Although Anne makes love to Pierre, who is somewhat older than her, and jokes with him that she is a “Gerontophiliac,” age is something that is bearing down on her. During sex she tells a story of how when she was fourteen, she fell in love with a friend of her mother’s. A man whose wrinkles excited her. A man who made her think of a pre-corpse. He was thirty-three. Breillat later hints that there may have been a relationship between the two but Anne refuses to discuss it.

Returning home one day from work Anne discovers the house has been ransacked. Her bag and other items have been stolen. She calls the police and Pierre. She later discovers that Théo was responsible. Instead of turning him into the police she says she will stay silent as long as he makes an effort to be a part of the family. Théo complies and over time begins to develop a brotherly bond with Angela and Serena, although his relationship with Pierre remains volatile.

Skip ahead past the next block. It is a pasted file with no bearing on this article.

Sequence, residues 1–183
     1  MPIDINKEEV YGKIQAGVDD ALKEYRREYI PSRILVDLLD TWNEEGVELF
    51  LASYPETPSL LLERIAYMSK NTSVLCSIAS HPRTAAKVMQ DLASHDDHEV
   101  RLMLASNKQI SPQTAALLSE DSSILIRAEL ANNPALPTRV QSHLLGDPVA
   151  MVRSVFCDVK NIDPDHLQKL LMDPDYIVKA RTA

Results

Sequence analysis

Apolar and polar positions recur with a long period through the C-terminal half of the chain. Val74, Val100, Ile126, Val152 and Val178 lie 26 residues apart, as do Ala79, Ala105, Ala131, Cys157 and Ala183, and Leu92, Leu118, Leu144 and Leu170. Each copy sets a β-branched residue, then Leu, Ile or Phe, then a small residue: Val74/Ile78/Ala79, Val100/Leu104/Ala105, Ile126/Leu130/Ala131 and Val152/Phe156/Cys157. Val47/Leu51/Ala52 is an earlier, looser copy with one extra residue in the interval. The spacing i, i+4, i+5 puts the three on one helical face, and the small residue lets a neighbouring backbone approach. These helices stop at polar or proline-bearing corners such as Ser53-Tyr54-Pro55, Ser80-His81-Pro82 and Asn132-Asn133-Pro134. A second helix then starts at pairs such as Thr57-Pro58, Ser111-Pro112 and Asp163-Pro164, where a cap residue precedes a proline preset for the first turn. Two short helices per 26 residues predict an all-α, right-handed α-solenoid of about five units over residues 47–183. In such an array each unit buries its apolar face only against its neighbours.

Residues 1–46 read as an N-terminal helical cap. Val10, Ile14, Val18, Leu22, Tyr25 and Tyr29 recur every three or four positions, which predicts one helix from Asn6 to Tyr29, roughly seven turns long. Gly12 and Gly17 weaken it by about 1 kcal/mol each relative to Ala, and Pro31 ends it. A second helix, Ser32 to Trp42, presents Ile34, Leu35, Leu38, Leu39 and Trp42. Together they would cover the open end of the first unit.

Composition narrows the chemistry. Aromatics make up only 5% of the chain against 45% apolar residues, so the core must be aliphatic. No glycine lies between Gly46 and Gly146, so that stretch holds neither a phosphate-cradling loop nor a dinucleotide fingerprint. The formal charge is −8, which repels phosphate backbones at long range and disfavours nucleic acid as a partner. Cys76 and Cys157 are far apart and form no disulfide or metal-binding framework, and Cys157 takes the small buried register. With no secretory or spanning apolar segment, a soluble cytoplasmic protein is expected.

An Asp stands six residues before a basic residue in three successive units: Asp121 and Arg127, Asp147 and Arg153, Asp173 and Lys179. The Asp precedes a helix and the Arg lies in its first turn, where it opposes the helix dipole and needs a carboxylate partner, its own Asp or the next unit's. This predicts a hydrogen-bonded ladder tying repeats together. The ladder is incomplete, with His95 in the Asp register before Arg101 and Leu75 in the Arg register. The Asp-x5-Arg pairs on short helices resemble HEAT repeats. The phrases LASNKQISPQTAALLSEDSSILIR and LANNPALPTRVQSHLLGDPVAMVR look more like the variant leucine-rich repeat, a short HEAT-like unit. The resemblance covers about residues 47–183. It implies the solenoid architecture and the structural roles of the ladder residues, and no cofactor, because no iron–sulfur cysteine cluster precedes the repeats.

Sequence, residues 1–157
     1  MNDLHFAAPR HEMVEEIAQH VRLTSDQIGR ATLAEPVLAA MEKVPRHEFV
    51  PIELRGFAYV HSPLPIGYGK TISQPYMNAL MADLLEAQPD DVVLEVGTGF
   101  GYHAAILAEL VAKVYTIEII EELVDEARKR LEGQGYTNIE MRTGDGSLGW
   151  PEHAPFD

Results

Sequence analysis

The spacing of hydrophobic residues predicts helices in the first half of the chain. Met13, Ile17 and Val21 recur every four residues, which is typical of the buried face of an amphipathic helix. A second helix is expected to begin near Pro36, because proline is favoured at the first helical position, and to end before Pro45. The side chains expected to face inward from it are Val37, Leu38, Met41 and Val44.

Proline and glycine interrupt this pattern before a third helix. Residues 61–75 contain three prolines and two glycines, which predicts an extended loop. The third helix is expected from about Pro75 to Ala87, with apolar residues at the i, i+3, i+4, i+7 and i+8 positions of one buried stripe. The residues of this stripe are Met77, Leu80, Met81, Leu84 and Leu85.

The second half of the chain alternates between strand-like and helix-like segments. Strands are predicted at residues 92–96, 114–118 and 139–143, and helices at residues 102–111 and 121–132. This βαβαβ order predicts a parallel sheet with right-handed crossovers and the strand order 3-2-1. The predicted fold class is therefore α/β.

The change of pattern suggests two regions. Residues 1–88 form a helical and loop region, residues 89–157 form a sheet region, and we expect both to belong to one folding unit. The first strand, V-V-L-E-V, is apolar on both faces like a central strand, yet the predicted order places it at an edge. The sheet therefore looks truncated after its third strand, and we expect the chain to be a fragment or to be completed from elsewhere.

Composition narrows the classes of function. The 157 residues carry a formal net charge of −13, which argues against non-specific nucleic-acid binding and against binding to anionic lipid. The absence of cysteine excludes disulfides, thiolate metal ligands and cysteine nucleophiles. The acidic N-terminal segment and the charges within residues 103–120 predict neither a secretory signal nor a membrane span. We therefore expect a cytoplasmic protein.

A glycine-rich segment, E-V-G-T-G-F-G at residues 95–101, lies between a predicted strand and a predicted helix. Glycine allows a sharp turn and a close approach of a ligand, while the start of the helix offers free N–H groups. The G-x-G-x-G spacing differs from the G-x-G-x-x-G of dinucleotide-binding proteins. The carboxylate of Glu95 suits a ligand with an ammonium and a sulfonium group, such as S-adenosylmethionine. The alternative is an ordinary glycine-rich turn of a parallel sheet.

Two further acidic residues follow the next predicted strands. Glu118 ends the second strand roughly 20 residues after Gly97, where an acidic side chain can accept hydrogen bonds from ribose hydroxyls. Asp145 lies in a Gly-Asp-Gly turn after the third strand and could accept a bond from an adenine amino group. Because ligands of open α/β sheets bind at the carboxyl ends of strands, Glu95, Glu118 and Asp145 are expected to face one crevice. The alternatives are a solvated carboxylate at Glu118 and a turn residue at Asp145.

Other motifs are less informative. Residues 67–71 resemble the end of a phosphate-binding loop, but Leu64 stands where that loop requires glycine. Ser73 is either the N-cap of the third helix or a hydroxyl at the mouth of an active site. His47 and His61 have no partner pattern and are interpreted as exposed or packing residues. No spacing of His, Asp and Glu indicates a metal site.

Breillat never makes it clear who seduces whom with Théo and Anne (although Anne makes the first openly sexual move). Of course, Anne should never countenance the affair, legally he is a child, but she is a woman drawn to edges: “Vertigo is not the fear of heights it’s the realisation you have an overwhelming compulsion to jump,” she tells Théo in one of his taped conversations with her.

Jump she does. Into a summer filled with the soundtrack of her youth (Sonic Youth’s ‘Dirty Boots’ is a recurring motif, and Kim Gordon was involved with the music for the film). There is a sense of halcyon freedom for Anne who swims in a nearby river with Théo, Angela, and Serena, playfully dominating Théo in the water. During a stuffy but important party for Pierre’s associates Anne escapes with Théo to a local bar, inciting an argument with Pierre when she returns, “You know what I think of ‘normalpaths’” she spits at him.